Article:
Under the guise of the benefits of hospitals and doctors sharing patients’ medical information in a move toward better care, the College of Healthcare Information Management Executives (CHIME) recently drafted a letter to the chairman of the Senate Committee on Health, Education, Labor and Pensions, Sen. Lamar Alexander (R.-Tenn.), as well as Sen. Patty Murray (D-Wash.), a ranking member.

In the letter, CHIME says its “members have a unique view of the barriers to interoperability and the necessary components needed to achieve fluid exchange of information. ... Five years after passage of HITECH, there exists an opportunity to make policy decisions apart from the arbitrary deadlines of the EHR Incentives Program and pivot towards the long-term goal of building and supporting a national digital health ecosystem.”

CHIME’s reasoning for a National Patient ID, however, does nothing to protect patients, Brase said.

“A national patient ID would not improve care, efficiency and/or coordination, but instead would put patients’ private health information at risk and damage essential trust in the patient-doctor relationship,” she said. “This type of federal identification system would limit every patient’s privacy and makes each patient record easily available to the 2.2 million entities, plus government officials, who are allowed under HIPAA to see medical records without patient consent.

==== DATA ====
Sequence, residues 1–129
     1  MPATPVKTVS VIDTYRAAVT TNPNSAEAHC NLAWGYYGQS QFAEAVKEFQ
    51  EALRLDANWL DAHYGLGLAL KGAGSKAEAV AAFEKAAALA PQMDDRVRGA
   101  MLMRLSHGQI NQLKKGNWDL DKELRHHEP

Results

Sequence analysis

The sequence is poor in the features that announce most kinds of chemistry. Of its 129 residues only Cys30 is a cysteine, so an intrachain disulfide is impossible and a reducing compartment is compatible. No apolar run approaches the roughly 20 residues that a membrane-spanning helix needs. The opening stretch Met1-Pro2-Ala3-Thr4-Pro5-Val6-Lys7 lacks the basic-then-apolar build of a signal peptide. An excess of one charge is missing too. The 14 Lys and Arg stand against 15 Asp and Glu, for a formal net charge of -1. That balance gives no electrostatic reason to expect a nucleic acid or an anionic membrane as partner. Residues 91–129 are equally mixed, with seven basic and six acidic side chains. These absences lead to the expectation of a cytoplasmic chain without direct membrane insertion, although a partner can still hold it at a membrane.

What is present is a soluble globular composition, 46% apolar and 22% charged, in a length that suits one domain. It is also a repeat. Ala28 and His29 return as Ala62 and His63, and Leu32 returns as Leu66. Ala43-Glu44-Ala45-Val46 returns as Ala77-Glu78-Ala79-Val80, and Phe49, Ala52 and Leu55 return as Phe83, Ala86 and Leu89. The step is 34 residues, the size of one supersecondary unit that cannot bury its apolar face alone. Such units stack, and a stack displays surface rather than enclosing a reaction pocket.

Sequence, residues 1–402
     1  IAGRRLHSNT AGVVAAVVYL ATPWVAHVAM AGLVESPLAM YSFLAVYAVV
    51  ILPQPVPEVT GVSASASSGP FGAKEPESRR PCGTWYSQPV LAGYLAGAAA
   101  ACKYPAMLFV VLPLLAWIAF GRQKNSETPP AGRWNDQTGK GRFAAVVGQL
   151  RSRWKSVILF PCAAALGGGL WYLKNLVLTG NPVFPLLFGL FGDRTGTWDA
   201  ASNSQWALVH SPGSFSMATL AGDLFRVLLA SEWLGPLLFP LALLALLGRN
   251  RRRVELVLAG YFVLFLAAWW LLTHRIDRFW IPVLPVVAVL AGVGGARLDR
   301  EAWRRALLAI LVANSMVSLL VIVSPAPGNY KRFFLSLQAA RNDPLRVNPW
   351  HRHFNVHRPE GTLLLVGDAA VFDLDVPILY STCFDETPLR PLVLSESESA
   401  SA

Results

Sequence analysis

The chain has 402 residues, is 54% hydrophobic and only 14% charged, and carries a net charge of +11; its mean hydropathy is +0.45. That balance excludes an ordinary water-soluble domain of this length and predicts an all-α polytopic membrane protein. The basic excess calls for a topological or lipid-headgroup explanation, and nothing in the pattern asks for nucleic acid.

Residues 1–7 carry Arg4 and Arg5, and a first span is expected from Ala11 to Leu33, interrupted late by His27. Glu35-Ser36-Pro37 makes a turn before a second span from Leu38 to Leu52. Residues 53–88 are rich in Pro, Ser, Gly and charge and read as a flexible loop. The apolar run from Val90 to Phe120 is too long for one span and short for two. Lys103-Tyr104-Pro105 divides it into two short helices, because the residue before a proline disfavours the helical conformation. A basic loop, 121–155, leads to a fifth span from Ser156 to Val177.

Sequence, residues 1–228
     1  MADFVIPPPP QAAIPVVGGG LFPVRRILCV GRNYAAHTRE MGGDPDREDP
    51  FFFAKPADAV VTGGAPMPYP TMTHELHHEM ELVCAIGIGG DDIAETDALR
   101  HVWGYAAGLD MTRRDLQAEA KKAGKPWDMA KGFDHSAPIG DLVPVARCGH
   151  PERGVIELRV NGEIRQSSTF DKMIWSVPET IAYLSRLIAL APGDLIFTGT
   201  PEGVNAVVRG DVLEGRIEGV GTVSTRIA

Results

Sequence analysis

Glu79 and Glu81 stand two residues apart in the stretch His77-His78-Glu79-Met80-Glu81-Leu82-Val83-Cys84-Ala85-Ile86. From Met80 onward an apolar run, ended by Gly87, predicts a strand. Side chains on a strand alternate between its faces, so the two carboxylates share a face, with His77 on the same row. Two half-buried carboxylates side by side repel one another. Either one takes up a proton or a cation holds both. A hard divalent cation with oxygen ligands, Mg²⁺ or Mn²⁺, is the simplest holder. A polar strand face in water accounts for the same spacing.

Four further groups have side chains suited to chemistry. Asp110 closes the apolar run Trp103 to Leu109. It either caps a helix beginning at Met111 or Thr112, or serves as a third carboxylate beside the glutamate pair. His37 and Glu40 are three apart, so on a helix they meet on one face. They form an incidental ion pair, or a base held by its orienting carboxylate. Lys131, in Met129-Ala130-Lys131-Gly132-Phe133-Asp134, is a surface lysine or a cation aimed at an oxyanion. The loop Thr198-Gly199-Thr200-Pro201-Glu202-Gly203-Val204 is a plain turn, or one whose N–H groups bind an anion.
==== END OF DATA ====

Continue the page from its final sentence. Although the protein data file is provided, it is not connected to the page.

“Most citizens are unaware of federal plans for a national computerized medical records system,” Brase continued. “Congress specifically prohibited any consideration of or funding for creation of a National Patient ID system due to privacy concerns. We know that Americans value their privacy—in their financial information, fingerprints and other sensitive data. This certainly is the case for our private medical information, perhaps the most personal of them all, because this data shows our weaknesses, our frailties, our disabilities, our personal comments and concerns, and in the future, perhaps our complete genetic blueprint.”

Adding another layer to the argument that patient data is unsecure, Politico Pro recently reported that the “Centers for Medicare & Medicaid Services at the Department of Health and Human Services has not yet implemented auditors’ recommendations that it conduct privacy impact assessments on systems that store personal information,” said an official.